Utilities Director Martha Tasker is part of an effort to restore her city's river after a diversion project dried it up in the 1960s
Managing water, wastewater and stormwater engineering keeps Martha Tasker looking toward the future. As Director of Utilities in Salina, Kansas, she sees the projects as intertwined and as assets to the community.
Restoring the original 6.8-mile Smoky Hill River channel through the heart of downtown is one example. “The river was right next to the water treatment plant when it was built,” says Tasker. “The raw water had a lot of sediment and sand in it, which heavy rains flushed out. Unfortunately, the rains also caused seasonal flooding.”
In 1961, the U.S. Army Corps of Engineers constructed a diversion channel and levee with inflow and outflow gates as part of the city’s flood-protection plan. The gates at the head and foot of the old channel funneled water to the treatment plant and back out into the main river. However, reducing the flow in the channel to 100 cubic feet per second caused major turbidity problems and enabled sediment to settle out and block it.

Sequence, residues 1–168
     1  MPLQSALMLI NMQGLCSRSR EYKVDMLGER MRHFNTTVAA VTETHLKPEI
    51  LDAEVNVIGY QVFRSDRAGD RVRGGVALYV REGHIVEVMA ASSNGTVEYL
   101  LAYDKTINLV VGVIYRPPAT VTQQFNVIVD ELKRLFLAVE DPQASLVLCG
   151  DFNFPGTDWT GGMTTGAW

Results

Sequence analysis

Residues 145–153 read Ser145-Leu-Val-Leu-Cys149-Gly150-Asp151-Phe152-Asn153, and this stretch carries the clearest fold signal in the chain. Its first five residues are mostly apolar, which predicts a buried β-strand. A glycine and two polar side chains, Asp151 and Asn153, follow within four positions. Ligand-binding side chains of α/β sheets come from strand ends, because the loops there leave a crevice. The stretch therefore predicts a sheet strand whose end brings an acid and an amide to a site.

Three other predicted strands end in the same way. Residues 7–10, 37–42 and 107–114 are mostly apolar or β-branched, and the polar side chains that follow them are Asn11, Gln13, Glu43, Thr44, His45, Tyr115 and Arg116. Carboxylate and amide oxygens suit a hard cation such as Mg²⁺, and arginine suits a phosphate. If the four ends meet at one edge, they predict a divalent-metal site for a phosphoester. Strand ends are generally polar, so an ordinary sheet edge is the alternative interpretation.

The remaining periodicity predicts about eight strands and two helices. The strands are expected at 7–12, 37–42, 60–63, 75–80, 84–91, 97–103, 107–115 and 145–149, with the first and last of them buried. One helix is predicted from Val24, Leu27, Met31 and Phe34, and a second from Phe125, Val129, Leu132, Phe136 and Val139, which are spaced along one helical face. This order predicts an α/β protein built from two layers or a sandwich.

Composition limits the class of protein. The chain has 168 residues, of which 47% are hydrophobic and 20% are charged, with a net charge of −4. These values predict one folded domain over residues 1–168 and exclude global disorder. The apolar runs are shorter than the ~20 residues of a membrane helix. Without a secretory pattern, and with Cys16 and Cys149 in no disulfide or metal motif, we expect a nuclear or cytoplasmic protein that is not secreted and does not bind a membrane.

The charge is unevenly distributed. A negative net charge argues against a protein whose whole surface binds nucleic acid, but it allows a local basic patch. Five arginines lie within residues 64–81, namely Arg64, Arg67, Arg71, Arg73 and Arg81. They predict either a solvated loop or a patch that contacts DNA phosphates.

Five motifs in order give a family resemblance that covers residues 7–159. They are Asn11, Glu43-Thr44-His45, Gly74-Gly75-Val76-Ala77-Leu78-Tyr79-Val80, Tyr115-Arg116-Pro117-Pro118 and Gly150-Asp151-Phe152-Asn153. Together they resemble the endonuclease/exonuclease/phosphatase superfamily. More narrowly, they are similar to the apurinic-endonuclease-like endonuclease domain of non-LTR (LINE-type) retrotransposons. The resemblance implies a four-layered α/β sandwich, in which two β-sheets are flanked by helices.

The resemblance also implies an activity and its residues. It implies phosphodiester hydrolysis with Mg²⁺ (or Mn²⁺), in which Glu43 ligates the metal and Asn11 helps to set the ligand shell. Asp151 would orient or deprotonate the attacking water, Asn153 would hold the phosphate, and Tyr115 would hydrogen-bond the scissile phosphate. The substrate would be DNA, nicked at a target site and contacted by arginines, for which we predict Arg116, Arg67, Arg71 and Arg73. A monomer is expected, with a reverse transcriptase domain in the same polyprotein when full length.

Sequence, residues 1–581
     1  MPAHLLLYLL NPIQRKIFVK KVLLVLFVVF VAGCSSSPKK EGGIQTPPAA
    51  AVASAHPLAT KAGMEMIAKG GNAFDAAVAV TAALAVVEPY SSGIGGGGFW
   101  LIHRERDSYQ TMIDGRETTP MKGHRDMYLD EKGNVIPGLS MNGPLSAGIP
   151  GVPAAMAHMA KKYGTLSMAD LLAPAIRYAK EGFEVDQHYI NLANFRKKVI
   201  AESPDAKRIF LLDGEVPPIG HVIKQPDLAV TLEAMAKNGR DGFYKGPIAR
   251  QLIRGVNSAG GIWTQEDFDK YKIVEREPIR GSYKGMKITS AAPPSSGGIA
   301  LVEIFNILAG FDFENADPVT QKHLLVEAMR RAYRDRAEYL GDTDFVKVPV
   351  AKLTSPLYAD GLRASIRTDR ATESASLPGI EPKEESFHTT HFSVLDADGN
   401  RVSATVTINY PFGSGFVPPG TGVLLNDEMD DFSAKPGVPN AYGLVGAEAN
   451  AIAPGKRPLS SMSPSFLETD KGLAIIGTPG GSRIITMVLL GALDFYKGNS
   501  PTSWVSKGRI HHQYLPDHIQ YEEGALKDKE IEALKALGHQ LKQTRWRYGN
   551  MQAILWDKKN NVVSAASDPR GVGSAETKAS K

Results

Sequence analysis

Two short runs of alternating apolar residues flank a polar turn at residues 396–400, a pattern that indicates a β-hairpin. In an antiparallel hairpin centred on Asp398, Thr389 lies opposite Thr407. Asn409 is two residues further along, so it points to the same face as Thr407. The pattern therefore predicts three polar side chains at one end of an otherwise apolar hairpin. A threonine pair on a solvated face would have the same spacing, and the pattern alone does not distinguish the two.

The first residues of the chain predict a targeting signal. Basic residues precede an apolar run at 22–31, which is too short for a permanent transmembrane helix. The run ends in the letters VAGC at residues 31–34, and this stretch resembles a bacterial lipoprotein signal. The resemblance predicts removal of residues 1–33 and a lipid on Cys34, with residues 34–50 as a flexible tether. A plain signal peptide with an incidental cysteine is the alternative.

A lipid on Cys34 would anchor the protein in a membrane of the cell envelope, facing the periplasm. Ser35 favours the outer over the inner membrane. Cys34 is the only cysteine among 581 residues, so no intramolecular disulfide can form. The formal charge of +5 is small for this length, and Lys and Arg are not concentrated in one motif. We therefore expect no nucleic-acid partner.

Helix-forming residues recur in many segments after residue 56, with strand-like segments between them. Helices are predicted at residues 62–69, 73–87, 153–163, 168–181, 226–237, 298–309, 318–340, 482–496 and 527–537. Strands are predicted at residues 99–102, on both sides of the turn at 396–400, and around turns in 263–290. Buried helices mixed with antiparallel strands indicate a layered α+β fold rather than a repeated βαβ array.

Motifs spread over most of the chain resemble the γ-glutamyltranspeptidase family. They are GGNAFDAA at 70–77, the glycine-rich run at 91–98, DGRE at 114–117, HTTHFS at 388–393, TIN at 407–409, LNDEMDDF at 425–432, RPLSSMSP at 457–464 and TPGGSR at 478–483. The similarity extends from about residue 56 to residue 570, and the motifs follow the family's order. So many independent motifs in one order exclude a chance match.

“In the 1980s, we moved the raw-water intake three miles to the main river and built a pump station and pipeline,” says Tasker, who designed the components. Today, the old channel bed collects stormwater, but the channel itself is buried in six to 10 feet of silt, growing mature trees and thick vegetation.
Salina Water Distribution and Wastewater Collection Director Martha Tasker stands on the plant's interior catwalk. —Photo By Denny Medley
“People remember when the river was an integral part of the aesthetic, recreational and economic life of Salina,” says Tasker, a participant of the Friends of the Smoky Hill River and the Community Actions for a Renewed Environment. “Our goal is to remove the sediment, get the water flowing again and maintain dredging to keep it flowing. Older people have fond memories of what they did along the river. It was a meeting place, and they want that part of our history restored.”
In 2010, the city approved the Smoky Hill River Master Plan. The river’s construction phase is scheduled for 2019. “River restorations require a sound engineering analysis of physical and legal water supply, drought period operations, channel design, regulatory requirements and public safety,” Tasker says. “However, the analysis should not inhibit visionary solutions.”
For example, one of Tasker’s ideas is to evaluate using wastewater effluent to reduce water shortages during droughts.